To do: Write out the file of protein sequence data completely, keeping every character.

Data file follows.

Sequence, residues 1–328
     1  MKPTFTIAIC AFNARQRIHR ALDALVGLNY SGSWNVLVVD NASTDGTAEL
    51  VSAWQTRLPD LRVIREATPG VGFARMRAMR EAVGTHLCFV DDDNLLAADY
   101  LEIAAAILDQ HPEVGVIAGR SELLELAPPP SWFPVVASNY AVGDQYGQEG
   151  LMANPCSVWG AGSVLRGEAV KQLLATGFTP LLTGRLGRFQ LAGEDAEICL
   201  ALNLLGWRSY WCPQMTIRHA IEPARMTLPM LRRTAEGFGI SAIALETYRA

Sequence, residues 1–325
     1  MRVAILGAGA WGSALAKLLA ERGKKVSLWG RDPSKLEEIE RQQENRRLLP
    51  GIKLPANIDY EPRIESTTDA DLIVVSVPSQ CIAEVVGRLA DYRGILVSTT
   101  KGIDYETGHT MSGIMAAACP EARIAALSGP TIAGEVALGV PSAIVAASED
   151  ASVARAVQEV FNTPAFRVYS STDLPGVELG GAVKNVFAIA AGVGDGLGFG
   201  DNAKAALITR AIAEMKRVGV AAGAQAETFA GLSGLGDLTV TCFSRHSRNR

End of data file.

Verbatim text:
Sequence, residues 1–328
     1  MKPTFTIAIC AFNARQRIHR ALDALVGLNY SGSWNVLVVD NASTDGTAEL
    51  VSAWQTRLPD LRVIREATPG VGFARMRAMR EAVGTHLCFV DDDNLLAADY
   101  LEIAAAILDQ HPEVGVIAGR SELLELAPPP SWFPVVASNY AVGDQYGQEG
   151  LMANPCSVWG AGSVLRGEAV KQLLATGFTP LLTGRLGRFQ LAGEDAEICL
   201  ALNLLGWRSY WCPQMTIRHA IEPARMTLPM LRRTAEGFGI SAIALETYRA

Sequence, residues 1–325
     1  MRVAILGAGA WGSALAKLLA ERGKKVSLWG RDPSKLEEIE RQQENRRLLP
    51  GIKLPANIDY EPRIESTTDA DLIVVSVPSQ CIAEVVGRLA DYRGILVSTT
   101  KGIDYETGHT MSGIMAAACP EARIAALSGP TIAGEVALGV PSAIVAASED
   151  ASVARAVQEV FNTPAFRVYS STDLPGVELG GAVKNVFAIA AGVGDGLGFG
   201  DNAKAALITR AIAEMKRVGV AAGAQAETFA GLSGLGDLTV TCFSRHSRNR